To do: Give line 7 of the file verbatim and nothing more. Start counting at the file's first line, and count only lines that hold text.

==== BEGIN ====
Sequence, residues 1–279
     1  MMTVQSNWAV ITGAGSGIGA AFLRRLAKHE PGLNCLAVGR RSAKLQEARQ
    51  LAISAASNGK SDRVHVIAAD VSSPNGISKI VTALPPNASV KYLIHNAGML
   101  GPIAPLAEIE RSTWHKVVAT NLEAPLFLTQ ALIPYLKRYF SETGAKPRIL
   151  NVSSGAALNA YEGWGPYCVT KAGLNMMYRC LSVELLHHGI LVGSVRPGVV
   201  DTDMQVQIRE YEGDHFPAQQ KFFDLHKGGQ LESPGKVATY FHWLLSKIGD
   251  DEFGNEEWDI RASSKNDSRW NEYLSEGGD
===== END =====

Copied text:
   251  DEFGNEEWDI RASSKNDSRW NEYLSEGGD